My painting will be displayed in my living room, a symbol of hope to my family, and all our guests. It was painted using rubies, pyrite, orange calcite, peacock father and sunshine calcite. Thankyou for the gift of your time, love and friendship, Britta Ehlers. xxx
My friend lost her husband on the weekend. She shared the journey through words and images. Theirs was a penultimate love story. At the end, only love remained. I know that it does. I almost died three and a half years ago. I was in hospital, after endometriosis surgery. I had awoken from the operation, and was back on the ward. Hubby and my daughter had just left to allow me rest. In a heartbeat, things changed. That is how everything changes. Suddenly, dramatically. I felt I was going to be sick, and the room spun as I stood. I collapsed onto the floor, and managed a weak call out for help. My nurse took my blood pressure, which was 55/30 and dropping. I had a temperature, and was shaking. She ran from the room, and I could hear her screaming for help. I was immediately started on blood plasma, and bloods were taken. Doctors ran in shortly after, saying I had very little haemoglobin left. My tummy was beet-red, and they could see my blood pooling. I felt I could easily slip away. I wasnt afraid. All the nonsense one worries about was discarded. I felt more “me” than I had felt in a long time. I felt sadness at what I would be leaving behind, my family, my friends, seeing my little girl grow up. All the things left unfinished. I vowed to refine my life, and all that I was called to do, if I survived. Let go of all the detritus. I was watching all the frantic activity, unconcerned. I focused on all I had been blessed with in this scenario. Staff who were on the ball, blood donors, and the Red Cross driver who came quickly, the fact my daughter wasnt here… My blood pressure went up a little with the transfusion, then dropped again. My heart beat was tachy, and my breathing very laboured.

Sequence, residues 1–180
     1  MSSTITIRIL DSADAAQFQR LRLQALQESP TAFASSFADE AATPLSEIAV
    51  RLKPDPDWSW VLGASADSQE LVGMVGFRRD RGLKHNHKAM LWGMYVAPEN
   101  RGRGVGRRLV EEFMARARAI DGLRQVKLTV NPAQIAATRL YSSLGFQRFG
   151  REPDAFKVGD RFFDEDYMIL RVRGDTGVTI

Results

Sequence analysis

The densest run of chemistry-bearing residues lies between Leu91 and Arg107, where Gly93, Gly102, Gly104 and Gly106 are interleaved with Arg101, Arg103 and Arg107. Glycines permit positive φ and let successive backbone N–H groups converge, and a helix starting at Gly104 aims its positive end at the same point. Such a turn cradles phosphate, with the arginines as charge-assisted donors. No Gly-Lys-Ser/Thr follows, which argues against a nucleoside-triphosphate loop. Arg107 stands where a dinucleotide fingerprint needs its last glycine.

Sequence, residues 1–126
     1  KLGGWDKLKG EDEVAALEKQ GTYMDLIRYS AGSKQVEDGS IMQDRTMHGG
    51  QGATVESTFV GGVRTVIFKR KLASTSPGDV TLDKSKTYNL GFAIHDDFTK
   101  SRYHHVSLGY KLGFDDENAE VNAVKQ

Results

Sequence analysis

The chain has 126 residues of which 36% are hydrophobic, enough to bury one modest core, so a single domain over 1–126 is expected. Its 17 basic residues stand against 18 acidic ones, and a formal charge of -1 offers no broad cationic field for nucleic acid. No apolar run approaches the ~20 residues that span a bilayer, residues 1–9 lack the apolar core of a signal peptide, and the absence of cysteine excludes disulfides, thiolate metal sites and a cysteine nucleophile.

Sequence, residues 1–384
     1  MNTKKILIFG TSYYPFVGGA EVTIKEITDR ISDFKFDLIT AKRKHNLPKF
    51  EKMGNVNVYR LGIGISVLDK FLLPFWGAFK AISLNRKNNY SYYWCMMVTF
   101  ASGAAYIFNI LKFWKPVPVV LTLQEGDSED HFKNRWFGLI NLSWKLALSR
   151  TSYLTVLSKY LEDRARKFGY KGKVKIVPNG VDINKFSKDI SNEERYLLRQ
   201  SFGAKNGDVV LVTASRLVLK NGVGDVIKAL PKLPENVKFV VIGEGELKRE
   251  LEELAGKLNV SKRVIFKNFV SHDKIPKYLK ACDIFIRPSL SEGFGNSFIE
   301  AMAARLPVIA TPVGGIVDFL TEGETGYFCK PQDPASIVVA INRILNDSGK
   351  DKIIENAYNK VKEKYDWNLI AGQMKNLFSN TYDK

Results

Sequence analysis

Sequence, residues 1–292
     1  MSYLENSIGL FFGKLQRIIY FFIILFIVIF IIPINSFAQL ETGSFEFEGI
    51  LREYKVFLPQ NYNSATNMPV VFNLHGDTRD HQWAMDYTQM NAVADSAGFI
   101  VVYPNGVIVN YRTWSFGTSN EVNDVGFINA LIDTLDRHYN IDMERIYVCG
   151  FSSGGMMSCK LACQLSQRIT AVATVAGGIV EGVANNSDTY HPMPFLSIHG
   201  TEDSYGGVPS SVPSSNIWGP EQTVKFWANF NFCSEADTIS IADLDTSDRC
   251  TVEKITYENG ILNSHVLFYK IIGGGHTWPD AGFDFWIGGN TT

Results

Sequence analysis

The surgeon was called and he told me scar tissue and endo was found on the tubes to my kidneys, all along right side of pelvis, and had stuck my ureter to the front of my pelvis. Veins were covered too, and he had to do a lot of vascular work, severing two of the main nerves running into my pelvis from my lower back. It caused a lot of bleeding which they thought they had stemmed. The description of how I was ovulating healthily and the egg they found enthralled me, yet broke my heart. I have been focused on having my own family since I was eighteen. I wanted a sibling for my daughter. They had to stabilize me so I would have a chance at surviving more surgery. My focus had to swing from fertility to surviving. The surgeon’s registrar, an Irish lady, ran in after I took another turn for the worst, and warned me that they may need to do a hysterectomy to save my life. She held my hand as she said it. She said this could very well prove fatal. I prayed some more (husband and daughter had arrived, and it was now Thursday morning).